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April 6, 2017

Hennepin County puts IT-Ready grads to work migrating workstations

HennepinCountyAs IT release manager for Hennepin County, Minnesota, Nicole West is overseeing the daunting task of migrating 10,000 workstations to the Microsoft Windows 10 operating system.

Hennepin County, with its county seat being Minneapolis, employs thousands of people and serves another million citizens — every one of them dependent upon those workstations for one reason or another.

West recognized that Hennepin County needed a small, dedicated IT team to manage those conversions. Contract IT consultants, while an option, were expensive. At the same time, migrations can be diplomatic affairs, requiring seasoned and sensitive technicians with strong customer service and communication skills — skills not always found at an entry-level pay grade.

Then West learned about IT-Ready. IT-Ready is a free, eight-week, hands-on educational and training program that prepares participants for the CompTIA A+ certification exam, followed by entry-level IT jobs at area companies. IT-Ready is a program of Creating IT Futures, an IT workforce charity founded by CompTIA.

IT-Ready teaches participants important tech industry skills such as building a computer from parts, installing software, troubleshooting problems and setting up and managing networks. They also learn “softer” professional skills such as communication, customer service and conflict resolution. Upon passing their CompTIA A+ certification exams at the end of the program, graduates often find entry-level employment in the role of help-desk or technical support.

IT-Ready’s emphasis on strong communication skills appealed to West.

“Good, clear, tactful communication is vital,” she said. “When you’re dealing with migrations, being able to express yourself well in an email can be just as important as the technical skills.”

West interviewed IT-Ready graduates with the intention of hiring one or two of them — that is, if she found them qualified — for two-year contract employment. To date, she’s hired eight IT-Ready graduates.

“I was so incredibly impressed with both their technical skills and customer-service skills,” she said. “I can always train a person how to update specific technical information, but I can’t train people on good customer service — that’s a skill set you either have or you don’t.”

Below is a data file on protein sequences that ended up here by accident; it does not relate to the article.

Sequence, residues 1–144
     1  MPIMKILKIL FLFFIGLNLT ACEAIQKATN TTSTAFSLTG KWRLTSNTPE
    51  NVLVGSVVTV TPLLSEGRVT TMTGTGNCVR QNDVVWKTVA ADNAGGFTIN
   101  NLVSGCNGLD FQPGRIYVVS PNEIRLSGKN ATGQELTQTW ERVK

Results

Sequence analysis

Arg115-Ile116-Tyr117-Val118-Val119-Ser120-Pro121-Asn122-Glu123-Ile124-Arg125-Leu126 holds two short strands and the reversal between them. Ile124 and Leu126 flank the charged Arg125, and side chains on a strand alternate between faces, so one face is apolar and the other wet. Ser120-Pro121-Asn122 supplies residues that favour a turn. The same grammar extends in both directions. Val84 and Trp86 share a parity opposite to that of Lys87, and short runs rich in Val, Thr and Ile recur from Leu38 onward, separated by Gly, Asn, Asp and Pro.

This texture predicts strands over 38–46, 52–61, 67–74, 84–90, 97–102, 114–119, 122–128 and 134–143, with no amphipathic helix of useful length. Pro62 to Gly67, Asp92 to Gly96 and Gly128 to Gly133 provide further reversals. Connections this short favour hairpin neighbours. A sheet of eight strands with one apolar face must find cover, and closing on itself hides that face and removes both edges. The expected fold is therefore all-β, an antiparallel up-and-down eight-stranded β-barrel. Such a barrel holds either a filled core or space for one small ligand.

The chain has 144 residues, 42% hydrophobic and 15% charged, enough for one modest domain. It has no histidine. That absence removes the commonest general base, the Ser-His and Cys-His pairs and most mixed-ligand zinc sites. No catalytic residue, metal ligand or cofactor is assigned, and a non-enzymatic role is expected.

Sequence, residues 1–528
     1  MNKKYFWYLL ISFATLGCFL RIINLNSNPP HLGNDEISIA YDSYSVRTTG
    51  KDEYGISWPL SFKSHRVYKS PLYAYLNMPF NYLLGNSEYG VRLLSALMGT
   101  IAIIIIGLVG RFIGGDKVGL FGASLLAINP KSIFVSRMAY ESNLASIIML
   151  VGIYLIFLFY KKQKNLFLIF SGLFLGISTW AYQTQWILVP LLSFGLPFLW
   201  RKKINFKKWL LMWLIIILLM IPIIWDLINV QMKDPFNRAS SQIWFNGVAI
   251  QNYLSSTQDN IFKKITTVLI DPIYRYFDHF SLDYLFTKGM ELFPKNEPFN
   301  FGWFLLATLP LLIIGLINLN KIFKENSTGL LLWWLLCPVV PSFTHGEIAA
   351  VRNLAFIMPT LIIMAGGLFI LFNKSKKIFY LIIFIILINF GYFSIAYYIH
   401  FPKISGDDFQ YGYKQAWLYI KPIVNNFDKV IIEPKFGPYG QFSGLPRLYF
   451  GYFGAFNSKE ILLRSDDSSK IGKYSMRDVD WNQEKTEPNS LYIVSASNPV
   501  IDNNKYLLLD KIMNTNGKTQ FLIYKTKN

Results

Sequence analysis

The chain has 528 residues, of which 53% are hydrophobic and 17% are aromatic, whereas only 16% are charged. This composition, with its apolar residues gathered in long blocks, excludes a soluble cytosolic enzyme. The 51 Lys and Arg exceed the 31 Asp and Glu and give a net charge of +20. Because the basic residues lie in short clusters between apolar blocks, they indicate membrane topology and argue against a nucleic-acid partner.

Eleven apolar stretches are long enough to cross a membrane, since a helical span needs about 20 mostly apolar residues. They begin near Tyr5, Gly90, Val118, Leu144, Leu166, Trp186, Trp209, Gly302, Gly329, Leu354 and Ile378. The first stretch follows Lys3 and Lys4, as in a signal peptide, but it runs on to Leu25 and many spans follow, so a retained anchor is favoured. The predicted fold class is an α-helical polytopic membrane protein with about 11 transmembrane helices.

The IT-Ready graduates are, in alphabetical order: Catalina Bauer, Vanessa Dalkhaa, Theresa Demby, Kathryn Helmke, Eric White, Stephen Alberts, Hamza A. Yousef and Houseng Xiong.

The graduates joined Hennepin County as contract employees about a year ago and are handling the Windows 10 migration beautifully, West said. With their contracts scheduled to run out within the year, West said she already is looking within Hennepin County on their behalf for potential new job opportunities.

“They came in as a group and have really established themselves as a team with a sense of accountability and ownership,” she said. “They are so excited to learn, they want to do a good job and they all give 100 percent. I would love to see Hennepin County keep them on within the organization.”

While anyone can apply to IT-Ready, the program gives priority to displaced and under-employed workers, as well as populations of people under-represented within the IT industry, such as women, ethnic minorities and veterans. West said that mission made her feel even better about Hennepin County’s partnership with IT-Ready.

“I feel better at the end of the day, knowing I am impacting someone’s life for the better and helping my community overall,” she said. “It aligns with Hennepin County’s core values about the importance of a strong community.”